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Water & Sewer Utility
1 NW Martin Luther King Jr Blvd
Civic Center Complex, Room 104
Evansville, IN 47708
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Lead and Evansville's Water System

What is lead?

Lead is a naturally occurring metal that is harmful if inhaled or swallowed. Lead can be found in air, soil, dust, food and water.

How can I be exposed to lead?

The most common source of lead exposure is from paint in homes and buildings built before 1978, when lead-based paints were banned for use in housing. Lead-based paint and lead-contaminated dust are the main sources of exposure for lead in U.S. children.

Although the main sources of lead exposure are ingesting paint chips and inhaling dust, lead may also be found in some household plumbing materials and some water service lines.

The Environmental Protection Agency (EPA) estimates that 10 to 20 percent of human lead exposure may come from drinking water, and infants who consume mostly mixed formula can receive 40 to 60 percent of their exposure from lead in drinking water.

How do I know if my home has lead plumbing?

Homes built before the 1950s may have lead pipes that connect the house with the water line. In 1986, Congress enacted the “lead ban,” which required all public water systems – and all plumbing connected to it – be constructed of lead-free materials. No EWSU service lines contain lead. If your home was after 1988, it is far less likely to have lead pipes or solder, or connecting joints.

The EPA defines high-risk homes as follows:

  • Homes with a lead service line that connects the water main (located under the street) to your home’s internal plumbing
  • Homes with copper pipe and lead solder built between 1982 and 1988
  • Homes with lead pipes

Lead is a dull gray metal that is soft enough to be easily scratched with a house key. A quick way to identify lead pipe or solder is to use a magnet. If a magnet sticks to the pipe or solder, it is not lead. Lead service lines can be connected to the residential plumbing using solder and have a characteristic solder "bulb" at the end, a compression fitting or other connector made of galvanized iron or brass/bronze.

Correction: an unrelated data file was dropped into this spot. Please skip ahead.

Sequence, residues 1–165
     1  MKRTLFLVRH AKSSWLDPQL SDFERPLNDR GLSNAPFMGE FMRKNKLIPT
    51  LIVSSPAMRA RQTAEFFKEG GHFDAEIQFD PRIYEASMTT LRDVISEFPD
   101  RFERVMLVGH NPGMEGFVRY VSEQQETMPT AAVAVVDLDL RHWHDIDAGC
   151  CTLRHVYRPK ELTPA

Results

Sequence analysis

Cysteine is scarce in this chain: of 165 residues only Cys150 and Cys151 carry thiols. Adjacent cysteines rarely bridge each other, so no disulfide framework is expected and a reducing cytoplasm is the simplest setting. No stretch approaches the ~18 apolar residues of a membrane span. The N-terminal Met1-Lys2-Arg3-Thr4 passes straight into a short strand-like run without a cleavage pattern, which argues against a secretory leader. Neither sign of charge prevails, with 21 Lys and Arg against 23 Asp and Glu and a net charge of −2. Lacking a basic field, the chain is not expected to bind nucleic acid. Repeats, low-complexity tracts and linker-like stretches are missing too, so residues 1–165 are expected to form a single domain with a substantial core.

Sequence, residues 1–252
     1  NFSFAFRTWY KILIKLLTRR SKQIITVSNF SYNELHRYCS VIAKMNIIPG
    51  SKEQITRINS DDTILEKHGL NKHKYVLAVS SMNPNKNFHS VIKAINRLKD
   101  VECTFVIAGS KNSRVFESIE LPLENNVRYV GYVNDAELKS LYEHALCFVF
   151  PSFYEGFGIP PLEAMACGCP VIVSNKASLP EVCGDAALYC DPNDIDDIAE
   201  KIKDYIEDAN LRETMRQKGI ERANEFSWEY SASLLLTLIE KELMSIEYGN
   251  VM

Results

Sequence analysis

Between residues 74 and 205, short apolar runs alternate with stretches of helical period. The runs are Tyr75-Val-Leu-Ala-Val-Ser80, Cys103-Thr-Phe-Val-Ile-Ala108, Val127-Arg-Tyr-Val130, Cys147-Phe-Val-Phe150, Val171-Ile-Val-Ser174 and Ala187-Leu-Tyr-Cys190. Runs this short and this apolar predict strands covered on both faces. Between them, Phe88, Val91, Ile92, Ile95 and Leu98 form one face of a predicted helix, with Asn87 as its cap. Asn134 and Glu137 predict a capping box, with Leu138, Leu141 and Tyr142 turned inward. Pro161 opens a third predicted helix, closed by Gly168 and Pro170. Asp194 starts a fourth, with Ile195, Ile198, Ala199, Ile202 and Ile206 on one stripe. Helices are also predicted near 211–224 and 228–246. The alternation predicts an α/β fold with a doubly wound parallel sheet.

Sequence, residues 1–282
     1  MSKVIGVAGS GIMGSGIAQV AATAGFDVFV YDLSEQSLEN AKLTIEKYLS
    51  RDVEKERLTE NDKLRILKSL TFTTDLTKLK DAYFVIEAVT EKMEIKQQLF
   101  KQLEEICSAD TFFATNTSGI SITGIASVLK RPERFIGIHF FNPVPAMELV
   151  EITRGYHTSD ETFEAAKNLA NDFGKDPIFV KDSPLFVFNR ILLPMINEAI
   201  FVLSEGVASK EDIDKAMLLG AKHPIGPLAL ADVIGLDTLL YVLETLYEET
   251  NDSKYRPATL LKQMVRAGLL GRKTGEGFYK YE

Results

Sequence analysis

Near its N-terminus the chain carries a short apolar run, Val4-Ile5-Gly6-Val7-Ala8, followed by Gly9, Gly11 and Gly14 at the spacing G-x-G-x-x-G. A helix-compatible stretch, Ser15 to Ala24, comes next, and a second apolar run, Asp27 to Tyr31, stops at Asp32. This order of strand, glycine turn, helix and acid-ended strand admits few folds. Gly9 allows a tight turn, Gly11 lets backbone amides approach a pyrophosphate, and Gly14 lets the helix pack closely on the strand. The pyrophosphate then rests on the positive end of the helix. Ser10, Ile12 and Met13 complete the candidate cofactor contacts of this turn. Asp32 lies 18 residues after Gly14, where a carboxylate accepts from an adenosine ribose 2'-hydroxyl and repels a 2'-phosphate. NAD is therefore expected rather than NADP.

If you suspect you have lead pipes or lead service connections, call a licensed plumber to have your water lines and connections inspected.

How do I know what portion of the system is my responsibility?

A private water line pipe extends to the property line and includes the water meter pit. The Utility has a separate shut off valve (called a curb stop) located at the property line and public right of way. The diagram below is an illustration showing which parts of the water lines are private or public.

Meter Upgrades

If my service line has lead, will EWSU replace it?

Lead services lines on a customer’s property are not part of the public water system and are the responsibility of the property owner. Lead service lines are owned and installed at the expense of the property owner. EWSU strongly advises that you contact a licensed plumber for work on your service line.

American Water Works Association (AWWA) has provided written permission to use information in the AWWA publication “Service Lines: A Guide for Water Systems Addressing Service Line Repair and Replacement.”

EWSU also thanks the District of Columbia Water and Sewer Authority (DC Water) for giving written permission to use content from their web page Understanding Lead and Water to assist us in the preparation of this website and FAQs.